Ali Abdul-hassan, Associated Press
Updated 9:01 am EDT, Monday, July 22, 2019
In this Saturday, July, 20, 2019 photo, potable water pipes mix with sewage at garbage dump in Basra, Iraq. A leading human rights organization has accused Iraqi authorities of failing to properly address underlying causes for an ongoing water crisis in Iraq’s southern region. A report issued Monday by Human Rights Watch on the chronic water shortages and pollution in Iraq’s Basra province says authorities continue to allow activities that pollute Basra’s water resources despite the health risks to residents. lessIn this Saturday, July, 20, 2019 photo, potable water pipes mix with sewage at garbage dump in Basra, Iraq. A leading human rights organization has accused Iraqi authorities of failing to properly address … more
Photo: Nabil Al-Jurani, AP
Photo: Nabil Al-Jurani, AP
BASRA, Iraq (AP) — Increased rainfall in Iraq this year has helped alleviate a water crisis in Basra and may avert the kind of large-scale and violent protests that afflicted the southern province last summer.
However, a leading rights group and many Basra residents accuse Iraqi authorities of doing little to address the underlying conditions causing the water shortages and pollution crisis, warning of outbreaks of water-borne diseases and continued economic hardship for the governorate’s 4 million people.
“The government urgently needs to act,” Belkis Wille of Human Rights Watch told a press conference in Baghdad, where the organization released its report on Basra’s water crisis. “The people of Iraq have a right to know what is in their environment and how to keep safe.”
The report, entitled “Basra is Thirsty: Iraq’s Failure to Manage the Water Crisis,” said a full year after Basra’s violent protests , authorities continue to allow activities that pollute the province’s water resources despite the health risks to residents. Promised government projects to improve water quality have failed to materialize due to mismanagement and corruption, it said, and warned of outbreaks of water-borne diseases if the problems are left unaddressed.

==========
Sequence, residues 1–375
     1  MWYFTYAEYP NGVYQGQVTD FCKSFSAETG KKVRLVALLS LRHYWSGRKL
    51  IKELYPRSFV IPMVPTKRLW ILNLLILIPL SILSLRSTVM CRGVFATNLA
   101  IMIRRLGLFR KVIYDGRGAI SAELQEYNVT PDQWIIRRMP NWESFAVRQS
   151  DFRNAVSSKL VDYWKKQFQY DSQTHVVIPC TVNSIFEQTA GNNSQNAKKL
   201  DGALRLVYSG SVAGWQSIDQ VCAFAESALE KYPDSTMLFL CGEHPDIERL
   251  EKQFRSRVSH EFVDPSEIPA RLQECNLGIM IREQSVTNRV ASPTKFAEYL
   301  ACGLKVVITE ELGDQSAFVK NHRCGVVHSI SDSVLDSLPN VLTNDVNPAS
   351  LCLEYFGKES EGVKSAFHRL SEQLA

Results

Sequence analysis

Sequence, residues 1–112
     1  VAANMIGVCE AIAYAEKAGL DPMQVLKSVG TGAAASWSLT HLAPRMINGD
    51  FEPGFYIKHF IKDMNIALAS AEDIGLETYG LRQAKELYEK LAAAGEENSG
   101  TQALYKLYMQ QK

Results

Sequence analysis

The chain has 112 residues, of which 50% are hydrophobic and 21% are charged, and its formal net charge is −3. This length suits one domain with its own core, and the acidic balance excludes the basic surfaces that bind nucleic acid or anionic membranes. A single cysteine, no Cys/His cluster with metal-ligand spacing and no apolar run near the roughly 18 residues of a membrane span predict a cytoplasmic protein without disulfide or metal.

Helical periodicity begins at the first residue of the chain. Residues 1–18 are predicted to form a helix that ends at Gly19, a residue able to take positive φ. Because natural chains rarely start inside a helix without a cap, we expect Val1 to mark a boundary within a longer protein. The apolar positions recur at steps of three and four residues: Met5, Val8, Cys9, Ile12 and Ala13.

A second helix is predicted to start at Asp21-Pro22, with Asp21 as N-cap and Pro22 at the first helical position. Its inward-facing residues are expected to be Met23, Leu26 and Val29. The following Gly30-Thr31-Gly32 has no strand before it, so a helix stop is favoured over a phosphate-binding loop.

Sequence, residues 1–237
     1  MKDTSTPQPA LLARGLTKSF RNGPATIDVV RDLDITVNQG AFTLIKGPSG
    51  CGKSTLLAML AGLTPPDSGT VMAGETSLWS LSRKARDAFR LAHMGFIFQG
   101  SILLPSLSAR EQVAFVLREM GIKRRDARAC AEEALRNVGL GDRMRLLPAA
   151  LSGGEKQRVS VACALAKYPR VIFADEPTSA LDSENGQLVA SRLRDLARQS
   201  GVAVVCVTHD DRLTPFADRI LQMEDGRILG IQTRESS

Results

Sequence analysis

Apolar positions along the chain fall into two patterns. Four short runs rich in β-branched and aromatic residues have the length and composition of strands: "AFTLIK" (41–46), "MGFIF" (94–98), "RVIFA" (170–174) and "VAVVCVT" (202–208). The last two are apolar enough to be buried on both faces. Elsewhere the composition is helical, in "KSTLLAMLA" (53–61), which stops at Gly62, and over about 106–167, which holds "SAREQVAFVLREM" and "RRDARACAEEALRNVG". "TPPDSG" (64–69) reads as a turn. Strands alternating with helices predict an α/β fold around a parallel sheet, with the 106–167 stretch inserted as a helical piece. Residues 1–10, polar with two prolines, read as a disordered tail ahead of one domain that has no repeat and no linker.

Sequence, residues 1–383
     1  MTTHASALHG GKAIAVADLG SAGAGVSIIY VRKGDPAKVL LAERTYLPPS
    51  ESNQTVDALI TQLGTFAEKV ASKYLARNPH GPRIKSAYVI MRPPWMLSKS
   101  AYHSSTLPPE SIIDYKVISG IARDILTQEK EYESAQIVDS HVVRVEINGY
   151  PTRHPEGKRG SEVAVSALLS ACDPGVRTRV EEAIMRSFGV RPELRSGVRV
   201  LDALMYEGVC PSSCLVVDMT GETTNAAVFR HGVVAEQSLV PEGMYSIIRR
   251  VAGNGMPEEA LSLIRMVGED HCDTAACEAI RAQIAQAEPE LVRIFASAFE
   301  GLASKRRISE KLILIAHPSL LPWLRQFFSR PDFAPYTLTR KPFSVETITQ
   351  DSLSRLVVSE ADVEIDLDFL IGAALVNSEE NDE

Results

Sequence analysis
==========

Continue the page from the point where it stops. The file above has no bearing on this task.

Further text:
Basra’s acute water problems have been going on for decades, leading to outbreaks of protests every summer. The protests turned into a full-blown crisis last year after thousands of people were hospitalized due to stomach ailments and skin rashes blamed on the water quality.
The contaminated water, along with other failing city services and soaring unemployment, also led to violent protests and rioting in Basra, Iraq’s oil-exporting capital. During a week of demonstrations, protesters set fire to government buildings and offices of Iranian-backed militias that they blame for mismanagement and profiteering while residents struggle with poverty.
After years of meager rains, Iraq had seen its wettest winter in a generation, restoring freshwater marshes in southern Iraq and bringing welcome relief to the local population. The deluge of the winter months has slightly decreased salinity in Basra’s drinking water, as the revived rivers flushed the salt away and filled the marshes with fresh water.
But residents told The Associated Press the government has done nothing to address the problems. Waste water flows into the river and potable water pipes mix with sewage at a garbage dump in Basra. Although they cite a slight improvement in the water flowing through their taps, residents still use bottled water for drinking and cooking.
Agriculture is the main source of income for rural communities in Basra province. However, irrigation with damaging saline water has reduced crop production substantially.
“We don’t just say it is not fit for human consumption, it is not even fit for animal consumption, nor for agriculture and cattle,” said Hassan Ayoub, a student at Basra University.
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